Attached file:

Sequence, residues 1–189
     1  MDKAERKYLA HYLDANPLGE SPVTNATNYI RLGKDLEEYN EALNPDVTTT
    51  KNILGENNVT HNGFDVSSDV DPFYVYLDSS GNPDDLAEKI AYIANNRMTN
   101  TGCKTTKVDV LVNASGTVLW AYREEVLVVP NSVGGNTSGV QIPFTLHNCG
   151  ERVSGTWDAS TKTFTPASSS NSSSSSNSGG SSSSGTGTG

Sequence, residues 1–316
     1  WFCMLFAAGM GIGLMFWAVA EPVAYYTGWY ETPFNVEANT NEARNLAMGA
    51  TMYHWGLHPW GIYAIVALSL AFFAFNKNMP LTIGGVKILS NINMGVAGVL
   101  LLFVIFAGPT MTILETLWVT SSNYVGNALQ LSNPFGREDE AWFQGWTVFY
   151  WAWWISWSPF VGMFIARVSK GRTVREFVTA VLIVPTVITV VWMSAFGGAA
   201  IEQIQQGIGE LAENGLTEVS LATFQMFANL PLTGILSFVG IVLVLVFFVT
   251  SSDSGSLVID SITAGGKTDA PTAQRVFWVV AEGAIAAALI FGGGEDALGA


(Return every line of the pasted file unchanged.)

Sequence, residues 1–189
     1  MDKAERKYLA HYLDANPLGE SPVTNATNYI RLGKDLEEYN EALNPDVTTT
    51  KNILGENNVT HNGFDVSSDV DPFYVYLDSS GNPDDLAEKI AYIANNRMTN
   101  TGCKTTKVDV LVNASGTVLW AYREEVLVVP NSVGGNTSGV QIPFTLHNCG
   151  ERVSGTWDAS TKTFTPASSS NSSSSSNSGG SSSSGTGTG

Sequence, residues 1–316
     1  WFCMLFAAGM GIGLMFWAVA EPVAYYTGWY ETPFNVEANT NEARNLAMGA
    51  TMYHWGLHPW GIYAIVALSL AFFAFNKNMP LTIGGVKILS NINMGVAGVL
   101  LLFVIFAGPT MTILETLWVT SSNYVGNALQ LSNPFGREDE AWFQGWTVFY
   151  WAWWISWSPF VGMFIARVSK GRTVREFVTA VLIVPTVITV VWMSAFGGAA
   201  IEQIQQGIGE LAENGLTEVS LATFQMFANL PLTGILSFVG IVLVLVFFVT
   251  SSDSGSLVID SITAGGKTDA PTAQRVFWVV AEGAIAAALI FGGGEDALGA